There are three words, the sweetest words
In all of human speech—
More sweet than are the songs of birds
Or pages poets preach.

This life may be a vale of tears,
A sad and dreary thing—
Three words, and trouble disappears
And birds begin to sing.

Three words, and all the roses bloom,
The sun begins to shine.
Three words will dissipate the gloom
And water turn to wine.

Three words will cheer the saddest days.
“I love you”? Wrong, by heck!—
It is another, sweeter phrase,
“Enclosed find check”.

When the poem above was reprinted the ascription sometimes misspelled the author’s name. For example, a South Carolina newspaper provided this acknowledgment: 13

Douglass Malluch in American Lumberman

In 1932 Dorothy Parker was asked to comment on the topic of beautiful words as noted previously in this article:

Dorothy Parker, poet, said she considered cellar-door the most beautiful word but that those she liked to see best were cheque and enclosed.

In 1934 the prominent writer Edith Wharton described a conversation she had with the literary figure Henry James during which he invoked the notion of beautiful words with serious intent: 14

For a long time no one spoke; then James turned to me and said solemnly: “Summer afternoon—summer afternoon; to me those have always been the two most beautiful words in the English language.” They were the essence of that hushed scene, those ancient walls: and I never hear them spoken without seeing the towers of Bodiam mirrored in their enchanted moat.

In 1958 the Reader’s Digest Treasury of Wit and Humor ascribed a version of the remark to Parker as mentioned previously. In 1984 the Cynic’s Lexicon by Jonathon Green also credited a version of the saying to Parker: 15

DOROTHY PARKER
1893-1967 American poet and screenwriter
The two most beautiful words in the English language are ‘Cheque Enclosed’.

In conclusion, in 1932 Dorothy Parker did indicate that the words she liked to see best were “cheque and enclosed”. The current version of the quip attached to her name probably evolved from her 1932 remark. However, the joke has a long history and versions of it were being disseminated by the early 1900s. Simple instances of the jape should probably be labeled anonymous. The multi-stanza poem given above was composed by Douglas Malloch.

(Thanks to correspondent Andrew Steinberg who notified QI of the December 1903 version of the quip.)

Update history: On March 1, 2013 the 1903 citations to the American Hatter, Washington Post and Warren Republican were added.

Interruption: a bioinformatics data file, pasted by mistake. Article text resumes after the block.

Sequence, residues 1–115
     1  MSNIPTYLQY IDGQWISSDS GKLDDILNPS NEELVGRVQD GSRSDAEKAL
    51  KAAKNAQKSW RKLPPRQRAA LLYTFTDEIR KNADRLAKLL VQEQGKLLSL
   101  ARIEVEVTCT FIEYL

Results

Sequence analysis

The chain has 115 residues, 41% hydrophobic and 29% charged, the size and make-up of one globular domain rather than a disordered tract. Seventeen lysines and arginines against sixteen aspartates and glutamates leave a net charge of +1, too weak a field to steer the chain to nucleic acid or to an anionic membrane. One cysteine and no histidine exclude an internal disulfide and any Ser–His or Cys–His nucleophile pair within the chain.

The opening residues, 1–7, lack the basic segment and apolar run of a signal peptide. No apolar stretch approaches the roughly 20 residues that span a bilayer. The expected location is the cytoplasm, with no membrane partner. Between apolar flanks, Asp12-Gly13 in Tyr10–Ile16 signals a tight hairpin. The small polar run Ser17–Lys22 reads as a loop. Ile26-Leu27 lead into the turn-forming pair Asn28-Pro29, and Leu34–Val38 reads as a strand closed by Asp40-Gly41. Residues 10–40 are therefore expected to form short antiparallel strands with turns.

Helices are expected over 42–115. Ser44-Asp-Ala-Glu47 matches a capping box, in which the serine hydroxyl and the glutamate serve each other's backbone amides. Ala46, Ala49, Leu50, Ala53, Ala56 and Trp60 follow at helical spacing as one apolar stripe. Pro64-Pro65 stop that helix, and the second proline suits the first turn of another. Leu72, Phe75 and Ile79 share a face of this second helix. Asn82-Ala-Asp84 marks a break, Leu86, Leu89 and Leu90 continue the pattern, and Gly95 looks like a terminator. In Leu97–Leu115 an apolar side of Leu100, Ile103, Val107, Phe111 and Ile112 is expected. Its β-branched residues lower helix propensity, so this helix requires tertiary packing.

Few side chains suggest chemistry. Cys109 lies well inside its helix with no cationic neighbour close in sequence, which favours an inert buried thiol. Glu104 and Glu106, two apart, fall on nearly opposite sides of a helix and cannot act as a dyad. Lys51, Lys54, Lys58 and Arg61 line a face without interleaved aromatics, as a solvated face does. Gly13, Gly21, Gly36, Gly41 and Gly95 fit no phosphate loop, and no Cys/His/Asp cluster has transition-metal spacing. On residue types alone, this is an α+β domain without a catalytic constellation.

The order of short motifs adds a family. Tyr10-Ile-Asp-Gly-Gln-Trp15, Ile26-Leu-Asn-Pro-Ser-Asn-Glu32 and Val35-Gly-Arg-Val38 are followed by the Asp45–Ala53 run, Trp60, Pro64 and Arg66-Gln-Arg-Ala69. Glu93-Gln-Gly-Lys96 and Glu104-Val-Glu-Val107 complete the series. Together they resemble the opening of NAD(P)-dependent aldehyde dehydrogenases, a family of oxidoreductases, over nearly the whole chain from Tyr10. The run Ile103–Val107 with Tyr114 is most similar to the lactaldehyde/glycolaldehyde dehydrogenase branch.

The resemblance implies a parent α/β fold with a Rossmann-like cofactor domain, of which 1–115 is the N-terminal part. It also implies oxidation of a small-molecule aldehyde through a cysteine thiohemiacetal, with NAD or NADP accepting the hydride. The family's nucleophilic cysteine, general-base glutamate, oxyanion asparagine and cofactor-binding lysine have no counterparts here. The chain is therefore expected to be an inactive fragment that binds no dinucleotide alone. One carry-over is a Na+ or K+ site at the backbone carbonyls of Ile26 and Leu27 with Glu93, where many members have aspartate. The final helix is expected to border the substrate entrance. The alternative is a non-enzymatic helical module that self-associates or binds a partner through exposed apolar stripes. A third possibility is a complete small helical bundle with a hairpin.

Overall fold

Notes:

  1. 1932 December 12, Cleveland Plain Dealer, Poet’s ’10 Most Beautiful Words’ Start an Argument, Quote Page 1, Column 3, Cleveland, Ohio. (GenealogyBank)
  2. 1958, Reader’s Digest Treasury of Wit and Humor, Selected by the Editors of the Reader’s Digest, Quote Page 362, Reader’s Digest Association, Inc., Pleasantville, New York. (Verified with scans)
  3. 1903 December, The American Hatter, (Freestanding short article), Quote Page 54, Column 1, The Gallison & Hobron Company, 13 Astor Place, New York. (Google Books full view) link
  4. 1903 December 10, Washington Post, (Freestanding short item), Quote Page 6, Column 3, Washington, D.C. (ProQuest)
  5. 1903 December 31, The Warren Republican (Williamsport Warren Republican), (Freestanding short item), Quote Page 1, Column 3, Williamsport, Indiana. (NewspaperArchive)
  6. 1906 March 4, Boston Sunday Globe (Boston Globe), Editorial Points, Quote Page 36, Column 5, Boston, Massachusetts. (ProQuest) (The newspaper image shows “Inclosed”)
  7. 1906 March 23, Baltimore American, In the Best of Humor, Quote Page 8, Column 8, Baltimore, Maryland. (GenealogyBank)
  8. 1910 February 24, Flint Daily Journal, Just A Smile Or Two, Quote Page 4, Column 3, Flint, Michigan. (GenealogyBank)
  9. 1910 March 2, The State, Spice, Quote Page 4, Column 6, Columbia, South Carolina. (GenealogyBank)
  10. 1911 February 14, Boston Globe, Editorial Points, Quote Page 12, Column 4, Boston, Massachusetts. (ProQuest)
  11. 1913 March 22, The Judge, Volume 64 Section: Advertising pages near back of issue, With The College Wits: The Sweetest Words, Unnumbered Page, Published by Leslie-Judge Company, New York. (Google Books full view) link
  12. 1914 October 31, American Lumberman, The Lumberman Poet: Three Words, Quote Page 45, Column 2, Published by The American Lumberman, Chicago, Illinois. (HathiTrust) link
  13. 1915 April 30, The State, Three Words, Quote Page 4, Column 5, Columbia, South Carolina.
  14. 1934, A Backward Glance by Edith Wharton, Quote Page 249, D. Appleton-Century Company, New York. (Verified with scans)
  15. 1984, The Cynic’s Lexicon by Jonathon Green, Section: Dorothy Parker, Page 152, St. Martin’s Press, New York. (Verified on paper)